The technology used in evaporative coolers (or swamp coolers) is a versatile and energy efficient alternative to compressor-based cooling. In favorable climates (most of the western United States and other dry climates worldwide), evaporative air coolers can meet most, or all, of a building's cooling needs, and they only use one-fourth the energy of conventional equipment. They can also be cost-effectively integrated with conventional chiller systems.
How exactly do evaporative coolers work?
They work by adding moisture to hot, dry air. As the moisture evaporates - changing from a liquid to a gas - the heat dissipates, leaving cooler air behind. This air is then spread into the building by a fan. The lower the relative humidity of the air, the greater cooling effect possible when moisture is added.
What is the internal structure like?
The basic components are a water tank, a water pump, a fan, and one or more cooling pads. The pump circulates water to saturate the pads. As hot outside air enters the cooler and passes over the water-saturated pads, evaporation occurs - using the heat in the air as energy. From there, the cooler air (15-40 degrees lower) is directed into the home, pushing the warmer air out through windows. Since this process also humidifies the air, evaporative coolers are best used in areas with low, summertime humidity.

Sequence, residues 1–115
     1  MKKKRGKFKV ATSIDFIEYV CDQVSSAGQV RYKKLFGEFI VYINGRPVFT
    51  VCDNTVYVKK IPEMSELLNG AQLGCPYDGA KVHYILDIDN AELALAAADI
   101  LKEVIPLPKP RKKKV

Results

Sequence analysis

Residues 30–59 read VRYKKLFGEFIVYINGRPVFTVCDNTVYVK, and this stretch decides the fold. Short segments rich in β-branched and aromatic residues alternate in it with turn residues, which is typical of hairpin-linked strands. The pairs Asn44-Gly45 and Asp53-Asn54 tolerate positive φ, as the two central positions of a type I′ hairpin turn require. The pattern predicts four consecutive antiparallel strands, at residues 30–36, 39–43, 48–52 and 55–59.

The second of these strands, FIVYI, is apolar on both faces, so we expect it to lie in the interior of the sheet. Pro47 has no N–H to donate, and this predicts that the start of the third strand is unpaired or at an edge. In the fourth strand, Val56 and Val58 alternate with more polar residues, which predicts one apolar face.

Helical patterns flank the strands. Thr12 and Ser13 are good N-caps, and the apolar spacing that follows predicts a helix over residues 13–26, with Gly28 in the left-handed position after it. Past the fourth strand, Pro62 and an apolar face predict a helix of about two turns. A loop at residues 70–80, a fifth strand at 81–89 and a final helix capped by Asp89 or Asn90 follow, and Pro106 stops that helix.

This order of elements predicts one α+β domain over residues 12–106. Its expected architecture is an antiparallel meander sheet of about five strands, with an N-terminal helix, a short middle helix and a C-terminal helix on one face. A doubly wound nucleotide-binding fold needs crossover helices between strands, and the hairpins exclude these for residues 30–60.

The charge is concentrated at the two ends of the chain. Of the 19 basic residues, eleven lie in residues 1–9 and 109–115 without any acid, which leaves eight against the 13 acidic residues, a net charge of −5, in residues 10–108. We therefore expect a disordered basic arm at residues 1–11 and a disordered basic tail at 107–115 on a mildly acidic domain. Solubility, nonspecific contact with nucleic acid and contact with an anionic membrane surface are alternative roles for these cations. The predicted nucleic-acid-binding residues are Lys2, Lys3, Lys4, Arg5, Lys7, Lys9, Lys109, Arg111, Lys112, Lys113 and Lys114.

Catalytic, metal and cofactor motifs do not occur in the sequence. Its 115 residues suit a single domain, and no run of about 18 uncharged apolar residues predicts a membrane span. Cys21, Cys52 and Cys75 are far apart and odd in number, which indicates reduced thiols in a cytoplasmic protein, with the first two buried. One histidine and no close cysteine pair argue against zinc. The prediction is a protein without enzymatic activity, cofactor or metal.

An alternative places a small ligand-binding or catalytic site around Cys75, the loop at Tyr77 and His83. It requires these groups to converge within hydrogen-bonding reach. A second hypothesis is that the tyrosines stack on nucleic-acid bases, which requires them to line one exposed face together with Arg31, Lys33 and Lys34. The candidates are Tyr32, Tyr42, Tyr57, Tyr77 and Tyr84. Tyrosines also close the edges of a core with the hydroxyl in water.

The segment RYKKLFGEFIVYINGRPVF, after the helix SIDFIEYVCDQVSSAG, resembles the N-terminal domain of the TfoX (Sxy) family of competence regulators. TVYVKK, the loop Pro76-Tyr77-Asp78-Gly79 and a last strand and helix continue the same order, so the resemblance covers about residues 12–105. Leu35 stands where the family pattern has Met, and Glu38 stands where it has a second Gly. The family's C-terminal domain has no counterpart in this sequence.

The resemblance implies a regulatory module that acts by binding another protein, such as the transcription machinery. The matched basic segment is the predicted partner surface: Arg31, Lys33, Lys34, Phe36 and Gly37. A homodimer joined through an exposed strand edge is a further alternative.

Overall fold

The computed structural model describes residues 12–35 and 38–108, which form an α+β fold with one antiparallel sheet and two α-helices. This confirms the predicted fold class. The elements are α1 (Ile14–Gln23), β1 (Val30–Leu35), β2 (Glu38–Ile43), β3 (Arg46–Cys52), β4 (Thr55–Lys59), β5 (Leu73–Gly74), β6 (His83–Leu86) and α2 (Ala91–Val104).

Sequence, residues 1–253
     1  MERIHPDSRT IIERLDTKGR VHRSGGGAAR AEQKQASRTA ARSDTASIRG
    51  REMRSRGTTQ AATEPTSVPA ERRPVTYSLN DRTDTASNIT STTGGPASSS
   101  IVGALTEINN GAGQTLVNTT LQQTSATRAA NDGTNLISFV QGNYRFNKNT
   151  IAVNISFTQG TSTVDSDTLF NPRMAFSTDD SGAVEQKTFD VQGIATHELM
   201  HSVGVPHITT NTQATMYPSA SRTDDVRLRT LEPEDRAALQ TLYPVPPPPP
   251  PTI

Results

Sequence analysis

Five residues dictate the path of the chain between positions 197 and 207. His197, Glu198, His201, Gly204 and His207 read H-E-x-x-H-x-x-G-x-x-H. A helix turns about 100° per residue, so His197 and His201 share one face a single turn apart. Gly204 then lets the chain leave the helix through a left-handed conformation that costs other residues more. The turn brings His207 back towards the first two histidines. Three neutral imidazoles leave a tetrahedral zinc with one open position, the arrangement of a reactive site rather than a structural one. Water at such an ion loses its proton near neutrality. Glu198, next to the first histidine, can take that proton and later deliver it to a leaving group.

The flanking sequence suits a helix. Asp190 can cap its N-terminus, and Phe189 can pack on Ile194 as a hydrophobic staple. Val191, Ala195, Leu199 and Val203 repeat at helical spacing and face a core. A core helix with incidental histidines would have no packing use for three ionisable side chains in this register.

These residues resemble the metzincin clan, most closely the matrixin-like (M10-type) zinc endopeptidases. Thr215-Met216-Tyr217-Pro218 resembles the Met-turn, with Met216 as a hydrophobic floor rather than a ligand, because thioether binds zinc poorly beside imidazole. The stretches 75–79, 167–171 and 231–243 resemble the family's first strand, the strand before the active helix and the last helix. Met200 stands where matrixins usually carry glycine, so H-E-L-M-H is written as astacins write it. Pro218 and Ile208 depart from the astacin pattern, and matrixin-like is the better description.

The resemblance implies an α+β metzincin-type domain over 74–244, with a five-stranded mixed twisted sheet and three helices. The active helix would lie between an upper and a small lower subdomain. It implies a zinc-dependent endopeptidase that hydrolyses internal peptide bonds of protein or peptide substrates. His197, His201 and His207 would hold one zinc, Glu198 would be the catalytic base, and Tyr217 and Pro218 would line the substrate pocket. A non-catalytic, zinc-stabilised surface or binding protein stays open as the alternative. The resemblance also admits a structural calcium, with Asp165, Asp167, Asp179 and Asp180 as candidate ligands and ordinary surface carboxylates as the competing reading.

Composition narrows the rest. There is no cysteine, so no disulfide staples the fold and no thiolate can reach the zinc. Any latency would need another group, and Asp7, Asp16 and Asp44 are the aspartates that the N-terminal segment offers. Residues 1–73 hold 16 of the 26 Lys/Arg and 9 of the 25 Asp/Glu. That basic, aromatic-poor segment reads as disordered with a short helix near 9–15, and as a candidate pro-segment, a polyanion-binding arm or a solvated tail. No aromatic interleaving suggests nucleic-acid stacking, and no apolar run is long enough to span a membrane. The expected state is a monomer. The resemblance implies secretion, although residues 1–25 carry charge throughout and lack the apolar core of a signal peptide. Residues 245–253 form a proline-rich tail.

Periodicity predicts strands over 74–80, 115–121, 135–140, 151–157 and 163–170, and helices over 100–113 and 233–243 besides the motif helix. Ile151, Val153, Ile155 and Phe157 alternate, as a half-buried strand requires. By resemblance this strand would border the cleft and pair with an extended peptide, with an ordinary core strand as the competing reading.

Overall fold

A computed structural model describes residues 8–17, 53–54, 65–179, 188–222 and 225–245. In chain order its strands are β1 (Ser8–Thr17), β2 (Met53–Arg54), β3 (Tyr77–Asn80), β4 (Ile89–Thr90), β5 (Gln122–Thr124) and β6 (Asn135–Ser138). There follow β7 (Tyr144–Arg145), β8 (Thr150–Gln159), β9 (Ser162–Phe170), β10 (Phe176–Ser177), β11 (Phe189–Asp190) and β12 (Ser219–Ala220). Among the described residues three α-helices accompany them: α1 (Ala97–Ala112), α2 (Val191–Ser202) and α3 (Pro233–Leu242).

What do I need to know when buying an evaporative air cooler?
Most importantly, consider the surrounding climate. For instance, if you live in a very dry, arid climate like Albuquerque, New Mexico, or Tucson, Arizona, a direct evaporative cooling system would be the perfect solution. However, if you live in a humid area like Boston, Massachusetts, or Miami, Florida, an evaporative system will be fine for the dry weather, but it would need to be supplemented by a compressor-based cooling system during the humid season.
The following chart shows some examples of temperatures relating to wet bulb (accounts for moisture in the air) and dry bulb (standard thermometer's temperature) conditions in various cities in the United States during the month of July. The cities where the wet bulb range is well below the dry bulb range are top candidates for swamp coolers.
Evaporative air coolers are rated by the cubic feet per minute (CFM) of air delivered to a building. Most models range from 3,000 to 25,000 CFM. Manufacturers recommend providing enough air-moving capacity for 20 to 40 air changes per hour, depending on climate.
What types of evaporative coolers are there to choose from?
Direct evaporative coolers add moisture to the air while increasing the relative humidity. Direct systems require a building's exhaust system to match the rate at which the conditioned air is introduced to the space without circulating the same air. (Central air conditioning systems sometimes work similarly to direct systems.)
Indirect evaporative coolers lower the temperature without adding moisture to the air. However, this type is more expensive than the direct type. Keep in mind that indirect systems provide the same energy efficient alternative as a direct cooler, in situations where the direct type may not be practical or useful.
Direct Evaporative Cooling System
Indirect Evaporative Cooling System
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